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Along the river of the Mississippi Valley where its banks form the boundary between Illinois and Missouri, there exists thousands of ancient pictographs carved or painted on rocks, on walls in cave shelters, and beneath overhanging cliffs. For hundreds of years these images have been described in the journals of explorers, heard about through whispers of townspeople, scrawled in old town records and in innumerable reports of ethnologists and archaeologists.
gregsorrell - 16/03/2014 - 12:43
... torturous activity. The Yoruba tribes of Nigeria, Benin, and Togo in Africa practice scarification: the cutting or burning of skin to create ...
Riley Winters - 12/02/2017 - 13:57
The Katskhi Pillar is the name given to a natural limestone column located in Georgia. On the top of this monolith is a monastery, which was built during the 1990s. Today, a solitary monk by the name of Maxime Qavtaradze lives in this monastery atop the Katskhi Pillar. Nevertheless, it has been established that the pillar had been used by Christian ascetics as early as the 6th – 8th century A.D.
dhwty - 21/05/2017 - 22:47
Hidden beneath the city of Istanbul (Constantinople), Turkey, are hundreds of ancient cisterns that stored and supplied water to its inhabitants in the ancient past. The largest of these is the Basilica Cistern. So spectacular is the cistern that one could easily mistake it for a sacred subterranean temple.
dhwty - 25/05/2014 - 12:30
Clonmacnoise is a medieval monastic site located in County Offaly in the Irish province of Leinster. This monastic site is recorded to have been founded during the middle of the 6th century AD, though the area itself is reckoned to have already been inhabited at a much earlier point of time. Clonmacnoise flourished until the 13th century, after which is went into decline, due to several factors.
dhwty - 30/07/2018 - 13:59
When archaeologists came across a tin containing an unknown 2000-year-old ointment they were both pleased and bemused. It was not discovered in a home as one might think, but rather near an ancient Roman temple in London.
The location of its discovery initially led researchers to believe it was an ointment used for healing or rituals. However, a detailed analysis was able to reveal its ingredients - animal fat, starch, and tin for pigment – revealing that it was none other than a tinted Roman face cream.
ancient-origins - 20/05/2018 - 13:57
From nativity plays to crèche sets to Christmas cards, animals are ubiquitous in our vision of the birth of Christ – but according to the Bible, not a single animal was there. Where did all these animals come from, and why are they now so central to the story?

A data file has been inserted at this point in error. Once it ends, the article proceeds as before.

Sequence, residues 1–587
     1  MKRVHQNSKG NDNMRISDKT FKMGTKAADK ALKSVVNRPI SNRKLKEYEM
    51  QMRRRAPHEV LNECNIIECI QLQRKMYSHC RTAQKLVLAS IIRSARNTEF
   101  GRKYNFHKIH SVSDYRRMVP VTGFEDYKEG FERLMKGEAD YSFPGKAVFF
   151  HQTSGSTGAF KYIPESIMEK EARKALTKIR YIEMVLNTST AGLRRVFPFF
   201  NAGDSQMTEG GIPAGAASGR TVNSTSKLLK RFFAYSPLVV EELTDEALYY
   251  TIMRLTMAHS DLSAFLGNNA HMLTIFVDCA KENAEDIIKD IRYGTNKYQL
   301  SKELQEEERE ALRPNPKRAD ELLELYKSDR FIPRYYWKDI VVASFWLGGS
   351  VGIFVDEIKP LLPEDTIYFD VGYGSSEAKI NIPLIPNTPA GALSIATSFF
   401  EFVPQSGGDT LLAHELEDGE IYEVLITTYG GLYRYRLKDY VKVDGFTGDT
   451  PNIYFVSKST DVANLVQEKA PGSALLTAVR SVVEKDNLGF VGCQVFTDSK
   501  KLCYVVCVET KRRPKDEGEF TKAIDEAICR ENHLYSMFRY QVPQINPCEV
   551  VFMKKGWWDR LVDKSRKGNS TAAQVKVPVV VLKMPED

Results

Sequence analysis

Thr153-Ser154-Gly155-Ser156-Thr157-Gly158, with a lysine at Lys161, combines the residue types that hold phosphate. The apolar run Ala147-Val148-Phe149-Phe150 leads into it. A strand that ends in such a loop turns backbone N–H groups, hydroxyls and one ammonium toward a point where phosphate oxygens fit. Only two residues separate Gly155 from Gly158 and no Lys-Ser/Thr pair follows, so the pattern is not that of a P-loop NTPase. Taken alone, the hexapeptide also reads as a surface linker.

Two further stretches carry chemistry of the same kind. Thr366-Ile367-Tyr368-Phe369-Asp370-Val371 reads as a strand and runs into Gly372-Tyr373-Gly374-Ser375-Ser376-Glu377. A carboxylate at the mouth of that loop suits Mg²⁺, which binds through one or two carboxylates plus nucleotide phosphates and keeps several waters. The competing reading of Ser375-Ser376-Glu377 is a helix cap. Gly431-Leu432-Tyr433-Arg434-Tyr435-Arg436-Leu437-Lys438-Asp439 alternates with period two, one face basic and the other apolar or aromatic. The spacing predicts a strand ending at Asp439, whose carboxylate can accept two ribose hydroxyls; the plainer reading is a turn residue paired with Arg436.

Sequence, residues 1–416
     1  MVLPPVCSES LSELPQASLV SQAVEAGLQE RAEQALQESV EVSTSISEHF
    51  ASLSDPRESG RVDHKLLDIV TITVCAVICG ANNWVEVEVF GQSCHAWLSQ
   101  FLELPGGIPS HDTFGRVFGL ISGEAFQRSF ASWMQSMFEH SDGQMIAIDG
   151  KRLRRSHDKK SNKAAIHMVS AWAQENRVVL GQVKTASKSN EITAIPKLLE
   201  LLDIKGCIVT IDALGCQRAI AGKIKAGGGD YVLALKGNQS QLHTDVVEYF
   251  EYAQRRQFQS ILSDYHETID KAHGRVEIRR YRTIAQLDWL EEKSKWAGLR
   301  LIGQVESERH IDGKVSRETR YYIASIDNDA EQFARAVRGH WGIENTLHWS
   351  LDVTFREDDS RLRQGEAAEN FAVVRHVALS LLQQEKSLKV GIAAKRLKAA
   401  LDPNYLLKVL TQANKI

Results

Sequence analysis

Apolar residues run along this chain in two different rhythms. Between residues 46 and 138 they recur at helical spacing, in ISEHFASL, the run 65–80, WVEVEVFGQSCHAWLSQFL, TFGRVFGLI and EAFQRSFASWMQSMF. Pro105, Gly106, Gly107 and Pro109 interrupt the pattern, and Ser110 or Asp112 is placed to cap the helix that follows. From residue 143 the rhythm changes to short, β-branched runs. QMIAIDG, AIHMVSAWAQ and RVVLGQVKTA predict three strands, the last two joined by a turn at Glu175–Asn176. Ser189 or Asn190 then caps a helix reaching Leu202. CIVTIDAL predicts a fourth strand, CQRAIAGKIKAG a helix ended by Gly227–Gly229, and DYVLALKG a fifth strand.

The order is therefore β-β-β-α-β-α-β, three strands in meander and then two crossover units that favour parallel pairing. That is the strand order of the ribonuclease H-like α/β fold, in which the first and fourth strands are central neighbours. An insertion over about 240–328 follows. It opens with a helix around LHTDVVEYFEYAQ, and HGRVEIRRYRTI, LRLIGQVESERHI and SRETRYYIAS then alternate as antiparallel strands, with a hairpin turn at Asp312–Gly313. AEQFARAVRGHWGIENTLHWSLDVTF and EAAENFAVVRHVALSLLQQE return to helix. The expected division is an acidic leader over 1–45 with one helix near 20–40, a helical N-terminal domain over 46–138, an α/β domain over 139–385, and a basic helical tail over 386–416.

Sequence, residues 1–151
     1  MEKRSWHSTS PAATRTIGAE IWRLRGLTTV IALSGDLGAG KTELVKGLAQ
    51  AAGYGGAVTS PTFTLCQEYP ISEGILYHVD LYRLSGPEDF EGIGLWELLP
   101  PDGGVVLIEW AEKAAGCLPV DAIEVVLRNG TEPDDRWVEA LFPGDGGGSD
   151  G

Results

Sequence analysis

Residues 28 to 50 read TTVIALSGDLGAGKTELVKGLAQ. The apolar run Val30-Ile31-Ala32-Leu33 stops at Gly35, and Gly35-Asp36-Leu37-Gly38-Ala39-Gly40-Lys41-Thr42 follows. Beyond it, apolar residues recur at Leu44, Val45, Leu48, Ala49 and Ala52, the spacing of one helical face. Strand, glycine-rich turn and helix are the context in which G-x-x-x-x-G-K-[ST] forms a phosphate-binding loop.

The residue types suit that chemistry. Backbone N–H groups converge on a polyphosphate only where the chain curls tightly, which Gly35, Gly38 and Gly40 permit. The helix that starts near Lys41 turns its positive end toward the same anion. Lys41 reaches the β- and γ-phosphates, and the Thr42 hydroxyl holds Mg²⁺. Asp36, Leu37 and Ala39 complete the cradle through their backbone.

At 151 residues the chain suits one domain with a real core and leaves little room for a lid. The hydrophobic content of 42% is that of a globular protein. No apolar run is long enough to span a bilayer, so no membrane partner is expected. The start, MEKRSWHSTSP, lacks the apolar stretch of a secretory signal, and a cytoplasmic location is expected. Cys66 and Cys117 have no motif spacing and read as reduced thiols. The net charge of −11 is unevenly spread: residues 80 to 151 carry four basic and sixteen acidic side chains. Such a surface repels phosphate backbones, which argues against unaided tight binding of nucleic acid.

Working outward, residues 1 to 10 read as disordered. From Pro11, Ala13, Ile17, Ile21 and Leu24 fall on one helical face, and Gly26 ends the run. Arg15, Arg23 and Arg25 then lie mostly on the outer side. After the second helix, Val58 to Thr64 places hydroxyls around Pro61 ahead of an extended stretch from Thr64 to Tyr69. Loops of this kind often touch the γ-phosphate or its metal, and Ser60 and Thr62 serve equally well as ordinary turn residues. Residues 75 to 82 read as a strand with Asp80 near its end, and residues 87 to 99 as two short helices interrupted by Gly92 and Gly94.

ancient-origins - 20/12/2017 - 02:00
The modern Swiss Army Knife didn’t make its debut until the nineteenth century, revolutionizing convenient tools on the go. But, as with so many other things, the ancient Romans did it first! Meet the so-called “multi-tool,” a handy, fold-up device that contained a mini knife, spatula, fork, toothpick, and spike. Crafted in the third century AD, the tool could be toted around by a Roman soldier in his pocket while trekking through dangerous territory.
Carly Silver - 15/06/2018 - 22:51
Located in the central Gifu Prefecture, not very far from Tokyo or Kyoto, a beautiful example of traditional Japanese architecture survives in the villages of Shirakawa-go and Gokayama. Some of the existing houses were built over 300 years ago and have been beautifully preserved by each successive generation of residents. The 'gassho-style' houses, as they are known, are rare examples of their kind, even in Japan.
marinasohma - 03/04/2017 - 01:51
From preserving the food and trade of a prosperous Pre-Hispanic civilizations, to funding a liberator’s fight for independence, all the way to astonishing modern tourists and worshippers with its marvelous ornamentation, the Zipaquirá salt mine in Colombia has had a rich history.
Alicia McDermott - 13/08/2016 - 21:51
The coiled snake headdress is a significant artifact connected with Mayan women, both ancient and modern. Images of ancient Mayan women wearing this distinctive headdress have been found carved on stone monuments, painted on ceramics and murals, and drawn in screen-fold bark paper books called codices. Similar headdresses are worn today by Mayan women who practice healing and midwifery in the tradition of the goddess Ix Chel. Every village has its curendera, a medicine woman who uses plant-based remedies for a wide varie
lennie - 02/08/2017 - 13:59